Q: What causes tooth decay?
Mainly, tooth decay is caused by bacteria in your mouth reacting with sugary and starchy deposits from food, producing acid which damages the enamel over time. It is also the result of a number of unhygienic habits, such as irregular brushing and flossing, smoking and breathing secondhand smoke, as well as other medical conditions like dry mouth and diabetes. People suffering from tooth decay experience frequent toothache, sensitivity on their teeth and mild to sharp pain devouring hot or cold food and beverages. Without proper oral care, this can lead to more serious oral problems such as halitosis, root canal infection and tooth loss.
Q: What causes bad breath and how can it be treated?
Bad breath, or halitosis, is primarily due to poor oral hygiene, but it can also be caused by the food you eat, gum disease, drainage from sinus dripping or systemic, respiratory or gastrointestinal problems. Also, consuming dishes with garlic, onions or anything that produces a strong odor may leave your mouth smelling funky. Proper brushing including brushing the tongue, cheeks, and the roof of the mouth will remove bacteria and food particles. Flossing removes accumulated bacteria, plaque and food that may be trapped between teeth. Mouth rinses are effective in temporary relief of bad breath. If the condition persists, consult your dentist.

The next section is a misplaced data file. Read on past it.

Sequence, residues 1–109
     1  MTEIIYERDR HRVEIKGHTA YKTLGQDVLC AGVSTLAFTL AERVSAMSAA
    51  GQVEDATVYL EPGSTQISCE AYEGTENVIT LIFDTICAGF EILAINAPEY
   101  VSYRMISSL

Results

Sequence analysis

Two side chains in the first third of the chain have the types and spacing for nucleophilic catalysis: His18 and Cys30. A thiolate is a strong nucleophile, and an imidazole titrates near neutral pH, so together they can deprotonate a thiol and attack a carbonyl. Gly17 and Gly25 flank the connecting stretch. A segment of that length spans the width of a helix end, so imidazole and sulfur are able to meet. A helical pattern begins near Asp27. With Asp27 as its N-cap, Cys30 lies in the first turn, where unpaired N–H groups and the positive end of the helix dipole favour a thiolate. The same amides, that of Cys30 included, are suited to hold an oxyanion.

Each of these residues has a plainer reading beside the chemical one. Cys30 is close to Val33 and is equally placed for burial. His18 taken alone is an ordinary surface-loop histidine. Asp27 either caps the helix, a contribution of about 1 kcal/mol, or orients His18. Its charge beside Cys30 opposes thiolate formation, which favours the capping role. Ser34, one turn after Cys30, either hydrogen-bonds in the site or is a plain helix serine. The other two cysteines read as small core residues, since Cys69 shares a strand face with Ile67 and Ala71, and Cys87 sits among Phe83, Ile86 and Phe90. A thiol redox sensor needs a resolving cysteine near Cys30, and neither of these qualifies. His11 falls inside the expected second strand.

Q: What are the remedies for canker sores or mouth ulcer?
Aside from being very painful, canker sores are one of the most difficult oral diseases to treat. A form of mouth ulcer, it is the result of irregularities in the immune system, low levels of iron, folic acid or vitamin B-12, food allergies, chomping on the tongue and cheek and hormonal changes. There is no proven technique to eliminate it or speed the recovery time once they appear. However, you can consult your dentist for a few medications that will give temporary relief from the pain. You can also lessen its occurrence through avoiding citrus foods and highly acidic and spicy dishes. There are also over-the-counter medicines and home remedies like mouthwashes or gargling with a mixture of salt water or hydrogen peroxide, all of which can help ease the pain.
Q: What causes gum or periodontal disease?